Fortunately, they hunt fish, not mammals. They're toothy, but you aren't on the menu. Try not to look like a mackerel.

Splitlip
08-19-2008, 17:06
There were several animals of the two legged variety.

Those are the ones I'm most concerned about too... both above and below the water's surface.
:smiley2:

What got me thinking of a power head/bank stick was an 11ft 844 pound mako caught here last year.
No offence, but I don't think you'd have a snowball's chance in hell of deploying a powerhead in time to stop a mako. They're built for speed, and hunt for fast fish in pelagic waters. A diver would be extremely unlikely to be anywhere a mako might be found unless they were there specificly to dive with makos or the fish they hunt, and even if one was there, it's highly unlikely you'd see it unless you lured it in. Divers don't at all resemble what these sharks eat, and what they eat isn't usually found on reefs or wrecks. Record size shortfin mako are in the local waters here too, and I'm almost certain I'll never ever see one while diving.

If you want to see one in action, check out this footage (http://www.youtube.com/watch?v=oE6SFVliuYk)from a camera towed behind a boat that's much faster than you. I think understanding a shark's behavior is a much better defensive tool than weaponry.

Bull sharks might not be as big, but those sharks are actually worth worrying about.

As I learn more about specific sharks I learn to mitigate the dangers of being in the water with them. Some say great whites have a bad rap and bulls are more dangerous. That may be so but while in the water with my fins on; there are not many bulls as big as I am, at least the ones Iíve seen. The great whites are another story. I've seen numerous television programs showing people in the water with bulls, tigers, and hammerheads. I've only seen one program showing a person in the water with a great white without a shark cage and if I remember correctly, he had become familiar with the specific sharks in the area and he would only get in the water with a few of them. Bulls don't do ambush attacks like great whites which is why you can push them away with a spear. Great whites hit you and come back later after you are weakened or dead. I won't be able to watch the video on the link you provided until later but are you saying makos do ambush attacks? I did know makos arepelagic, that's why I was surprised when one was caught here. To be honest I didn't know there were makos in the Northern Gulf.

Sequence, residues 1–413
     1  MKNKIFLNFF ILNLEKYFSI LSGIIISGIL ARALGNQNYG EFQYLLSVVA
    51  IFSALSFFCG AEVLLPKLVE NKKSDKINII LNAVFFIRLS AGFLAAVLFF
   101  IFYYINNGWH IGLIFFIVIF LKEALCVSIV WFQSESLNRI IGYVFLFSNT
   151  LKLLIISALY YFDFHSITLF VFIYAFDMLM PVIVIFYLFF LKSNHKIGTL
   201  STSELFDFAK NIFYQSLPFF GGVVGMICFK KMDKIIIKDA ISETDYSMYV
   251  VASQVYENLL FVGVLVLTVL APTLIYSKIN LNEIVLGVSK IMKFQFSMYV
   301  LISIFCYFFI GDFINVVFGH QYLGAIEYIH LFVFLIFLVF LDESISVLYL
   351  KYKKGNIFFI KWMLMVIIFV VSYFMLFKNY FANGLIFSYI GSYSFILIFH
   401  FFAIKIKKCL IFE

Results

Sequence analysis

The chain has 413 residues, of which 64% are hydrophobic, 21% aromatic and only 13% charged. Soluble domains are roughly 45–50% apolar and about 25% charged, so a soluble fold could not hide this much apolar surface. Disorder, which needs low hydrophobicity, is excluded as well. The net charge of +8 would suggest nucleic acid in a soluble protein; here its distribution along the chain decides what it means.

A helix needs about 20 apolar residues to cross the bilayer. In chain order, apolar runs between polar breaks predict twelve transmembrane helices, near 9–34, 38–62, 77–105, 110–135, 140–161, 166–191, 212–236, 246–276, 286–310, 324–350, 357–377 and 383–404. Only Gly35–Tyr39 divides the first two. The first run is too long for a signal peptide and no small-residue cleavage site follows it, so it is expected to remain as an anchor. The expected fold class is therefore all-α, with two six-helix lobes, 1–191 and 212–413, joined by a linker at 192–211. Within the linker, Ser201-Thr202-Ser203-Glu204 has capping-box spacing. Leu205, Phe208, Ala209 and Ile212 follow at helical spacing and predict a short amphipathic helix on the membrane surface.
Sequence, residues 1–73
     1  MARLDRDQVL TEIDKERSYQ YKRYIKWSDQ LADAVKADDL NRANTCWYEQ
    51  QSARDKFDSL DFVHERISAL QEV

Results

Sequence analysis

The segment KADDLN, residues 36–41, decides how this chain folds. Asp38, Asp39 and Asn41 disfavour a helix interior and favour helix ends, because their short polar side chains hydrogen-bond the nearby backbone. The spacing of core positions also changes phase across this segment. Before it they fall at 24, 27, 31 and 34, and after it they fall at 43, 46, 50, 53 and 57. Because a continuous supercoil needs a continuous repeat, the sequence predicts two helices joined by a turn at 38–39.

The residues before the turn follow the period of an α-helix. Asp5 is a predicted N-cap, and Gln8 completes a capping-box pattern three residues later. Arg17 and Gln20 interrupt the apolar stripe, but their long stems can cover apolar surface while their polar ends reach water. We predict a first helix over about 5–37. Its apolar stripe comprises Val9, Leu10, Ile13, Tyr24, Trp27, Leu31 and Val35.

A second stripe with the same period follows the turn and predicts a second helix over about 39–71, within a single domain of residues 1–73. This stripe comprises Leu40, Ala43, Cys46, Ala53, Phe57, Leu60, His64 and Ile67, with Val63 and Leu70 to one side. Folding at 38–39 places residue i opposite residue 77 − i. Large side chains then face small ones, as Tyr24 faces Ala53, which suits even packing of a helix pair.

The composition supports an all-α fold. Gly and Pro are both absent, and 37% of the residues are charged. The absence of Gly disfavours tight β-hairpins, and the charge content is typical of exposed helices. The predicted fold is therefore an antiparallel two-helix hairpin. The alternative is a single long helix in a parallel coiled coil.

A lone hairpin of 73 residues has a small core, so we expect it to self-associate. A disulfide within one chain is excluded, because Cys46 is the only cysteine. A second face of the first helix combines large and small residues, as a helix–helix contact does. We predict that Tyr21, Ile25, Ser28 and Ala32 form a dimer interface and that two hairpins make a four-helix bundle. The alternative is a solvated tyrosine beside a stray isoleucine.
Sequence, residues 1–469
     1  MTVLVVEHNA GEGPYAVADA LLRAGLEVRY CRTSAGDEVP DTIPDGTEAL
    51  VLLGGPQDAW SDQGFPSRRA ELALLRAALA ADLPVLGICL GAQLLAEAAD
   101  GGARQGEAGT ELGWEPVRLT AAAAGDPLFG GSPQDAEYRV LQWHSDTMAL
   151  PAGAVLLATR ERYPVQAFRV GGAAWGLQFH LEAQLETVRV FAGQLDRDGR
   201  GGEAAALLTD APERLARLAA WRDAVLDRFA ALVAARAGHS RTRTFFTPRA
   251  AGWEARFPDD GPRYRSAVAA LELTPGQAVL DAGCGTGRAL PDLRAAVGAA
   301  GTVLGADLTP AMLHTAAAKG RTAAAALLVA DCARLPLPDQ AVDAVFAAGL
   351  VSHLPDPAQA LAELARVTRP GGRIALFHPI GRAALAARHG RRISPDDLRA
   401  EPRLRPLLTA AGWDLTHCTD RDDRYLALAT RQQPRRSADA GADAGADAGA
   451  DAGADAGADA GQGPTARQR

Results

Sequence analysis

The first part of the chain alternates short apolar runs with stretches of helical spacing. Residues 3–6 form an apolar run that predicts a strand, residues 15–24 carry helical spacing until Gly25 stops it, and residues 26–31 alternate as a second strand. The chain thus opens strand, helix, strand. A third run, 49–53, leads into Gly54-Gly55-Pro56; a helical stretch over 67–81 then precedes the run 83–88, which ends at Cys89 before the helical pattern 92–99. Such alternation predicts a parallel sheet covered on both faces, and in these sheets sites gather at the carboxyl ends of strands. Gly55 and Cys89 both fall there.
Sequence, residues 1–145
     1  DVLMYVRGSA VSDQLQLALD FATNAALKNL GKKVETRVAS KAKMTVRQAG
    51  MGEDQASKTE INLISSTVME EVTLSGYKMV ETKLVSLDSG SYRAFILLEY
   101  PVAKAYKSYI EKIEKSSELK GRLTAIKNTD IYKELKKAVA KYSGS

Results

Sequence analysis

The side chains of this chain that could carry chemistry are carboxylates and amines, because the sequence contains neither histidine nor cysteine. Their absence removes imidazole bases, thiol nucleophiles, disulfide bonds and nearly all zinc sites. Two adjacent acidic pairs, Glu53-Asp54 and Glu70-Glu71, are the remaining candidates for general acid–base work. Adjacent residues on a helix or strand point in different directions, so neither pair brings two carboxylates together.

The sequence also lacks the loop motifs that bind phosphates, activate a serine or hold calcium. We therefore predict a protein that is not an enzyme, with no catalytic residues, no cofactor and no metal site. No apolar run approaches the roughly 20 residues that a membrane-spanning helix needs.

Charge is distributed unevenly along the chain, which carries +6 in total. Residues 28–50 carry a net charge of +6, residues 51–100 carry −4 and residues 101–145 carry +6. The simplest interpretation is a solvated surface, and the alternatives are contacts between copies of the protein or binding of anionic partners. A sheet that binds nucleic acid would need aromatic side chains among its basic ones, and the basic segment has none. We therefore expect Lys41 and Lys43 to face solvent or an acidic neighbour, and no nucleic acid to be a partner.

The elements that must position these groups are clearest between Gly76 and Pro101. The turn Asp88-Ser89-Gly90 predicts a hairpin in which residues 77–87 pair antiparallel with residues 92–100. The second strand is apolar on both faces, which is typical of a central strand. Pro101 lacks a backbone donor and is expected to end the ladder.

So is it the GW's that concern you? Where are you diving?

Splitlip
08-19-2008, 19:59
Only time I've seen them used is to kill Nurse Sharks, Angel Fish, non agressive Jewfish (Goliaths) and non agressive Reef Sharks.

(the reef sharks were baited in a movie shot by somebody local)

monant
08-19-2008, 20:01
There were several animals of the two legged variety.

Those are the ones I'm most concerned about too... both above and below the water's surface.
:smiley2:

What got me thinking of a power head/bank stick was an 11ft 844 pound mako caught here last year.
No offence, but I don't think you'd have a snowball's chance in hell of deploying a powerhead in time to stop a mako. They're built for speed, and hunt for fast fish in pelagic waters. A diver would be extremely unlikely to be anywhere a mako might be found unless they were there specificly to dive with makos or the fish they hunt, and even if one was there, it's highly unlikely you'd see it unless you lured it in. Divers don't at all resemble what these sharks eat, and what they eat isn't usually found on reefs or wrecks. Record size shortfin mako are in the local waters here too, and I'm almost certain I'll never ever see one while diving.

If you want to see one in action, check out this footage (http://www.youtube.com/watch?v=oE6SFVliuYk)from a camera towed behind a boat that's much faster than you. I think understanding a shark's behavior is a much better defensive tool than weaponry.

Bull sharks might not be as big, but those sharks are actually worth worrying about.